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Cook Up Better Food Photos With This Lightroom Presets Recipe

I’ve been using MCP Actions Photoshop Action Sets for some time now to edit both portraits and food images. About a year ago I decided to make the plunge into Lightroom, and I’m kicking myself for not doing so sooner.

I was more than elated when, shortly after making the switch, MCP Actions released their amazing Quick Clicks Collection. I can get so much editing done in such a short amount of time now, I don’t know how I got along before. I rarely need Photoshop to edit food photos anymore (though I still like to finish up my portraits that way).

These Lightroom presets get results. Here’s the proof:

You may be familiar with a couple of popular websites out there that showcase gorgeous food photographs from around the web. I have always struggled to get my photos accepted to these sites, one of which is exceptionally particular. My photos would be rejected for lighting, sharpness, etc. I’d play around with them some more in Lightroom or Photoshop, and maybe, if I was lucky, they’d get accepted on the third or fourth try. Since using these presets, more and more of my photos are being accepted…and on the first try!

Below is a recent photograph of mine that’s gotten a lot of attention lately, along with the step-by-step edit (the recipe). I’d had a truly awful photo posted with this recipe for years, but I’ve slowly been going back and replacing some of those pictures I took before I had a DSLR. Because Jodi’s presets truly make my photos more mouth-watering, I won’t keep you in suspense. Here’s where you can find the recipe for my Blueberry Streusel Coffee Cake.

SOOC:

Blueberry Streusel Coffee Cake before Cook Up Better Food Photos With This Lightroom Presets Recipe

A couple of notes before we get started:  Firstly, I always shoot in RAW and check for blown-out highlights before proceeding with the shoot. This often leads to images that appear underexposed, especially when there is so much white in the background, as in this photo. Not to worry. Quick Clicks will take care of that, and it’s much easier than dealing with an image that is OVERexposed! Secondly, you want your food to appear natural, so avoid getting too funky when playing around with your presets. Cool Twist Urban presets might look great on that photograph of your niece, but you’re not going to whet any appetites applying them to your granny’s Apple Brown Betty. I generally stick to the Clean Edits when it comes to food. Not only are the colors more natural, but they make for a sharp finished image.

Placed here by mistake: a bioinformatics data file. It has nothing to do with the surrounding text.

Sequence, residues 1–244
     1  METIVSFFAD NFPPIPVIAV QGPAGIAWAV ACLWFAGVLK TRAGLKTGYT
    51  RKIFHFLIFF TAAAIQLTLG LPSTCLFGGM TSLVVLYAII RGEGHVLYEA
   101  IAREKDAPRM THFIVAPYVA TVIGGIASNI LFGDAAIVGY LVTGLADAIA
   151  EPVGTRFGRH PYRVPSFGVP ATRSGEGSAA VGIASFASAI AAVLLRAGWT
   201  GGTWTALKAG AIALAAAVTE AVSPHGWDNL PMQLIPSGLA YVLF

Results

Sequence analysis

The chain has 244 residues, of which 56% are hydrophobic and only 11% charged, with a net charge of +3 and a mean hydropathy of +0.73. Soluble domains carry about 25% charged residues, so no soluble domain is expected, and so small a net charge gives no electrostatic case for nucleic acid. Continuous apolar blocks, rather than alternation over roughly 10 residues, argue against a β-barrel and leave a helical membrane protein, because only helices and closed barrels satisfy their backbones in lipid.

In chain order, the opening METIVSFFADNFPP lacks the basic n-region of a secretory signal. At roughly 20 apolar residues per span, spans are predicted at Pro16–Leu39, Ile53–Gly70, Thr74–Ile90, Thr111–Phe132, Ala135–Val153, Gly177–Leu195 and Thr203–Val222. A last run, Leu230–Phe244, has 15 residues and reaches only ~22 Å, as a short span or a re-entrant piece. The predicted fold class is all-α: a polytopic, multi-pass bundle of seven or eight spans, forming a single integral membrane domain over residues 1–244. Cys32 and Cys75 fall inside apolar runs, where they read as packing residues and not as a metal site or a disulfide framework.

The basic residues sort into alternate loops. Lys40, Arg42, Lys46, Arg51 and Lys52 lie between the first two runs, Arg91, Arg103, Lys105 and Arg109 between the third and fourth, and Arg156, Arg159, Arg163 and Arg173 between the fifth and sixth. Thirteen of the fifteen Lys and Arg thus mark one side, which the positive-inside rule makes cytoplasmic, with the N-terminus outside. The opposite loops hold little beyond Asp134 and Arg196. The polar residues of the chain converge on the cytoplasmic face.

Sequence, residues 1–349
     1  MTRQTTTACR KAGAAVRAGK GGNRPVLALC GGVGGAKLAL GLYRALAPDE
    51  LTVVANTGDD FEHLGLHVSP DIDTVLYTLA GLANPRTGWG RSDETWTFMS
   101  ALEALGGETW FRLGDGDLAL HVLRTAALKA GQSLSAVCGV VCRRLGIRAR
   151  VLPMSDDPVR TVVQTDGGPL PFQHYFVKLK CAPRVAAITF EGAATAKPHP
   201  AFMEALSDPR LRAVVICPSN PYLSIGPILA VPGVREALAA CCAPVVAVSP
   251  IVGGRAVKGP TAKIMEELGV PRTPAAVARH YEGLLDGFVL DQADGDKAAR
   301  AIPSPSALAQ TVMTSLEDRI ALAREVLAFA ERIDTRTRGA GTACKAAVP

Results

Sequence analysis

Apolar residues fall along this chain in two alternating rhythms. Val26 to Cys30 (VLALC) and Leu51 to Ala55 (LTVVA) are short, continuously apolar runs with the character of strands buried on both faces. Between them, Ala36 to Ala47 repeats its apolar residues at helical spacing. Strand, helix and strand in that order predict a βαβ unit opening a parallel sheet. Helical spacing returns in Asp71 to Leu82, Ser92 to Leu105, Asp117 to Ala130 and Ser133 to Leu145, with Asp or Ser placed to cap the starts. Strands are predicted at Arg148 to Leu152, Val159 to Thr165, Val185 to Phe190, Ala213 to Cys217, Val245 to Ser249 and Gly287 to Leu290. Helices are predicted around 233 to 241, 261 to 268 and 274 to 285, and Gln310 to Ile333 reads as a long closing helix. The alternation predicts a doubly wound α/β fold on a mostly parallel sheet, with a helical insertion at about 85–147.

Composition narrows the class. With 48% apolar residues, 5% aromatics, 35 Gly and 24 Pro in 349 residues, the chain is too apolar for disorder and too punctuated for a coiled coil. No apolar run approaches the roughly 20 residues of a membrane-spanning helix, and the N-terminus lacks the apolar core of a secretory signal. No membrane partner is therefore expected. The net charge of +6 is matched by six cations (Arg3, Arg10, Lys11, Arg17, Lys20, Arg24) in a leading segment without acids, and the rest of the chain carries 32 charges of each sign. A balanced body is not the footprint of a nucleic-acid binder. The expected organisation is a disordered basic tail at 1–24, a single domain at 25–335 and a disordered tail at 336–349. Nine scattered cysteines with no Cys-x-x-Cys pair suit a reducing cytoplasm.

1. Played around with the white balance presets to see which one gave the most natural look. In this case I used Daylight and Sunshine.
  2. Adjusted the exposure until achieving a pleasing brightness, checking the histogram to ensure my highlights weren’t clipping. 1/3 stop was enough.
  3. Tried out various Clean Edits and decided that Lucky was the best fit for this image.
  4. Applied Blowout Buster Extra Light to help tame some of those highlights.
  5. Lightened up some of the shadows on the cake using Flash Fill Light.
  6. Burnt Edges V1  was used to help keep the eye focused on the center of the image.
  7. Medium Sky popped the blue in the napkin and blueberries a bit.
  8. Medium Landscape popped the blues a bit more and also warmed up the yellow some.
  9. Used the adjustment panel to drop the saturation on the yellow back to +15 and the blue to +30, giving the colors a more natural appearance.
  10. Went back to the exposure adjustment and increased it to +0.86, again ensuring that highlights were not clipped.

Post-Edit: 

Blueberry Streusel Coffee Cake after Cook Up Better Food Photos With This Lightroom Presets Recipe

This blueprint was created by Dawn DeMeo of Dawn’s Recipes. Dawn has been blogging about food on her current site for over 7 years, a hobby which kindled a passion for photography.

1 Comment

  1. 1
    Laurie says:

    Thanks for such a detailed description and I love the edit!

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